The Woman Who Rode Away; St. Mawr; The Princess
D.H. Lawrence
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Buy *The Woman Who Rode Away; St. Mawr; The Princess* by D.H. Lawrence online

The Woman Who Rode Away; St. Mawr; The Princess
D.H. Lawrence
Penguin
Paperback
272 pages
February 2007
rated 2 of 5 possible stars

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This slim volume contains three of D. H. Lawrence's classic novellas. The three books - The Woman Who Rode Away, St. Mawr and The Princess - hold many themes and ideas in common, although the stories do narrate different events.

In The Woman Who Rode Away, an unnamed woman abandons her dutiful but dull husband in search of adventure. Riding away with the Native Americans who live near her, a terrible sense of foreboding trails her, leading to an unavoidable, somehow fated end. The story contains no surprises, and the foreshadowing is so strong that it's almost impossible not to see the end coming. This lack of turns in the narrative can make it a little dull. Still, it is somewhat saved from this by its short length.

The longest of the three novellas, St. Mawr follows Lou Witt, a white American woman, as each of our three heroines are. Her European/Australian husband, Rico, despite being seen by other women as a catch, has grown dull to her. She cannot see in him, or any man, the traits which she feels they should possess. When she meets St. Mawr, a horse so strong and with such a sense of personal identity that he is actually quite dangerous, she becomes aware that he has all the strength that men, particularly her husband, have lost.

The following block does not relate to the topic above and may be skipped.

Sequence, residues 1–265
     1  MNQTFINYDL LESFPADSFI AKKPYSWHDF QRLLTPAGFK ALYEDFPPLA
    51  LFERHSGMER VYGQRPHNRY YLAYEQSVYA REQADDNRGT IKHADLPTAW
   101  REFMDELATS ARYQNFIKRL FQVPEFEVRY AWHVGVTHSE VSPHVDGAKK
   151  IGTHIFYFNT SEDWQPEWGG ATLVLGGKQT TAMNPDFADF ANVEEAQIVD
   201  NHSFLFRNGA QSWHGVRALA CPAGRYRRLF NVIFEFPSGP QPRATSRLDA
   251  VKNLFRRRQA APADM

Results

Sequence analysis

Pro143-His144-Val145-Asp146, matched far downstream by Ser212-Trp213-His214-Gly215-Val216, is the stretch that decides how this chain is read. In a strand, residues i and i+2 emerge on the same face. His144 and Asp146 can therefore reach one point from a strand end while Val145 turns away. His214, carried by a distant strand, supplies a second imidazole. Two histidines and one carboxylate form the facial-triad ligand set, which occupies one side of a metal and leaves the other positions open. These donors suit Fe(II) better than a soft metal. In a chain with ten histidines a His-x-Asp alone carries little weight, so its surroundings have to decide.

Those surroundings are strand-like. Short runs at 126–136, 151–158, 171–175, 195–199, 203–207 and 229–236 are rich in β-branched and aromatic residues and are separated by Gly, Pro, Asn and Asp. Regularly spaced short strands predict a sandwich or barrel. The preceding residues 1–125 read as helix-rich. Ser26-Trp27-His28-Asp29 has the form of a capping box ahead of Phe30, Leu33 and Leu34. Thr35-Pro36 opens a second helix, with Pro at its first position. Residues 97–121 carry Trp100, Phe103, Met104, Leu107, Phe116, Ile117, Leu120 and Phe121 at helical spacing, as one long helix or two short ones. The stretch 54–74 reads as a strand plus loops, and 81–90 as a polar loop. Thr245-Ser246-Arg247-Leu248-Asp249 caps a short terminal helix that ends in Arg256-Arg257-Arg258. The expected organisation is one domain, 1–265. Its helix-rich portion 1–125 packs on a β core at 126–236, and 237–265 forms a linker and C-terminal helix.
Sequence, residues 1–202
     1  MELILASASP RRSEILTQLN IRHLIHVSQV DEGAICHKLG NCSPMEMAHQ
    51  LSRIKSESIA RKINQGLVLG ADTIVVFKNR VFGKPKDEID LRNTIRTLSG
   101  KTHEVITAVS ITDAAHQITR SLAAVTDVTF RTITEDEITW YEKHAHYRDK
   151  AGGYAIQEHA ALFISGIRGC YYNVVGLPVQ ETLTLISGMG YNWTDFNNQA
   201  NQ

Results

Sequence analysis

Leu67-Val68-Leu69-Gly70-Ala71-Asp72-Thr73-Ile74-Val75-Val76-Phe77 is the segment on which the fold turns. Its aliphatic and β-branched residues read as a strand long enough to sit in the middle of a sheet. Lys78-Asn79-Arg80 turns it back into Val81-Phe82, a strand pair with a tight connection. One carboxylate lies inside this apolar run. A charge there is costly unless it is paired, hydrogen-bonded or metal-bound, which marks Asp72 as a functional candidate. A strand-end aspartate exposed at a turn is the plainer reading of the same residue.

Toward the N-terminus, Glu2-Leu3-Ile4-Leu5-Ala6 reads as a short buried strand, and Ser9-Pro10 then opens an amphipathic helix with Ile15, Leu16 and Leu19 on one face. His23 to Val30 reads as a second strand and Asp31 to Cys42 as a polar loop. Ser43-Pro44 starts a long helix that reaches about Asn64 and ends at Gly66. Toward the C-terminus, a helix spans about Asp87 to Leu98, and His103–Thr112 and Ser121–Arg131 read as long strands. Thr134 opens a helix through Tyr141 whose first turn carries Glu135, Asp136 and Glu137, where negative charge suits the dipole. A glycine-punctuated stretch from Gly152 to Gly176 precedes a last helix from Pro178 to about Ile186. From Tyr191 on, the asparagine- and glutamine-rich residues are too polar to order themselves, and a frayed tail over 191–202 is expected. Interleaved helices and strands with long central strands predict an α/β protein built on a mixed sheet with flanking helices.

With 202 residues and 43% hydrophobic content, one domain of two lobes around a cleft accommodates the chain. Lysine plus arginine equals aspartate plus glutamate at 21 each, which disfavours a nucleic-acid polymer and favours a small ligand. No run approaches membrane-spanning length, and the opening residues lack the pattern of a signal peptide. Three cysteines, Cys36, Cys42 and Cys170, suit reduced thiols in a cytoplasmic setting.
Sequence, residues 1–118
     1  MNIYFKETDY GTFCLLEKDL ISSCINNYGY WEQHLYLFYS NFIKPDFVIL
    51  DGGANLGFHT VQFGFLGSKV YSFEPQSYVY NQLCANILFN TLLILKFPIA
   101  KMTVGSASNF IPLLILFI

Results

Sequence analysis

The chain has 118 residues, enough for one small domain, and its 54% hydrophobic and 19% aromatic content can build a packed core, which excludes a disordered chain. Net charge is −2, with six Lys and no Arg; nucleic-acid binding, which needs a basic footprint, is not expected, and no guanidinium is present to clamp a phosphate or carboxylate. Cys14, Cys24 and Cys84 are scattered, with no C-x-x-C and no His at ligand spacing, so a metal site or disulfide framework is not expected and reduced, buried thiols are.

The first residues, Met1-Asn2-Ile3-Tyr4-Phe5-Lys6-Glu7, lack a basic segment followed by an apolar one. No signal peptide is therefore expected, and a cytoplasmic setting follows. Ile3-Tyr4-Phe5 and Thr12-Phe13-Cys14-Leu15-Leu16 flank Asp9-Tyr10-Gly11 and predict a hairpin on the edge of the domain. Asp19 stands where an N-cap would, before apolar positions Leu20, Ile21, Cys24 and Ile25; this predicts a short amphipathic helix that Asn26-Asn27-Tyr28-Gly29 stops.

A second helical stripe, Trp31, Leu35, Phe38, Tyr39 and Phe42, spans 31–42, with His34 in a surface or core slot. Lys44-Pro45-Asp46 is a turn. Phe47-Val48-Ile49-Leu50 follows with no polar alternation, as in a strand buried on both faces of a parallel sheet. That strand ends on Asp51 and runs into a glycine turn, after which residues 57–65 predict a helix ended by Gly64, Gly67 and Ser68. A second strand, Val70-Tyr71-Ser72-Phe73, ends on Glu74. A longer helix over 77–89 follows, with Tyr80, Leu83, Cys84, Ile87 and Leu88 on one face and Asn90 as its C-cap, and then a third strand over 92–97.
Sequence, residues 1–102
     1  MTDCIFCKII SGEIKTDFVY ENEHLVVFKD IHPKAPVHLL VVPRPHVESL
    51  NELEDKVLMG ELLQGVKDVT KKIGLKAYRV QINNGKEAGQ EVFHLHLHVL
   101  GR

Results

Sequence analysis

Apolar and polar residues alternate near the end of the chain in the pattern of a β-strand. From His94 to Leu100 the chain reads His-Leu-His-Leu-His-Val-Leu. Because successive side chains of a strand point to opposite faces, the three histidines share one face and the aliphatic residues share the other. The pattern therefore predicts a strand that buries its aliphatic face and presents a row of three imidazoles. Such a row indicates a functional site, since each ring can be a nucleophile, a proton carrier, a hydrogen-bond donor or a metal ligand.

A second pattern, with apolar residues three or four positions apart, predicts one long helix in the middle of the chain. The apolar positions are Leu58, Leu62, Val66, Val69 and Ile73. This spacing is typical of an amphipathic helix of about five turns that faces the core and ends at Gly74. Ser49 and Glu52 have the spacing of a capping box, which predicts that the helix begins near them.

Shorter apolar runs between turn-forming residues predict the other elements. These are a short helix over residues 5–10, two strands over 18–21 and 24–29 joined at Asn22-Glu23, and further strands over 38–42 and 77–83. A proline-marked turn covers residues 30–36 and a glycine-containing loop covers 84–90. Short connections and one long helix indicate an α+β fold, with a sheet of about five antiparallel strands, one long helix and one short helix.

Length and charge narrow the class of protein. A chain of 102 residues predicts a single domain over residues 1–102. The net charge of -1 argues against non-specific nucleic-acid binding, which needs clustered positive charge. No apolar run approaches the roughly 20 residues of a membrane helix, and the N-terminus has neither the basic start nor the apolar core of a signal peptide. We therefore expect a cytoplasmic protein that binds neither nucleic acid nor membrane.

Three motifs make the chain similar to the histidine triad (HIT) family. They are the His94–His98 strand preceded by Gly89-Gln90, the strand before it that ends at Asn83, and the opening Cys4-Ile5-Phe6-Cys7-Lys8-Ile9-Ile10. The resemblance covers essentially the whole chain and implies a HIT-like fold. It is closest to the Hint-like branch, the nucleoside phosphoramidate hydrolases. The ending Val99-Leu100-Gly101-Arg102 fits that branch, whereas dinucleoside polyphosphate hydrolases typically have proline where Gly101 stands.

Lou sets out on a journey of self-discovery accompanied by her mother, St. Mawr, and St. Mawr's groom, one of the few men who can handle him. Although it's debatable whether she actually discovers anything of her self, she does, at least, manage to find a semblance of peace and contentment. The novel doesn't really have a strong thread; it's more a series of events without a strong narrative idea holding them together. Not even St. Mawr is the focus of the story, and this lack of narrative drive can mean that reading the novel is more of a chore than a pleasure.

The Princess follows a young girl raised by her Scottish father, who informs her that her soul is truly noble and that, although she must remain polite to other people - noblesse oblige - she should always remain aware that they are beneath her. This leads to a life of virginal purity for the young girl, who avoids growing close to anyone as she grows older - until, that is, she is forced to live in America and meets a man who she feels is her match. The Princess is a strange and quite sad little story. Lawrence's trademark dreamy style is used to great effect here, and the air of an old fable crossed with modernity is handled masterfully.

All three novellas contain the idea that males of different races approach sexuality differently. Lawrence often makes a contrast between white and native males and their approaches to their own sexuality, noting the difference between how men think of white and native women. In these cosmopolitan times with the blending of different peoples, these comparisons and observations have lost something with age and can sometimes seem outdated, or simply lack the feeling of truth contained by some other parts of the narrative. To be perfectly honest, all three novels could be described as dated. This leaves them as more as a snapshot of a certain time period, and certain beliefs and social stigma, rather than ageless novels. This may not please everybody.

Another theme Lawrence explores is that of man somehow having become less, possibly through contentment or arrogance. What all of this seem to come down to, however, is how humanity, particularly Western society, relates to the rest of the world and each other. Lawrence doesn't seem to approve.

Although the book may not be to everyone's taste, the variety and the short length of the three stories still make this a compelling introduction to Lawrence's work.



Originally published on Curled Up With A Good Book at www.curledup.com. KaliRavel, 2007

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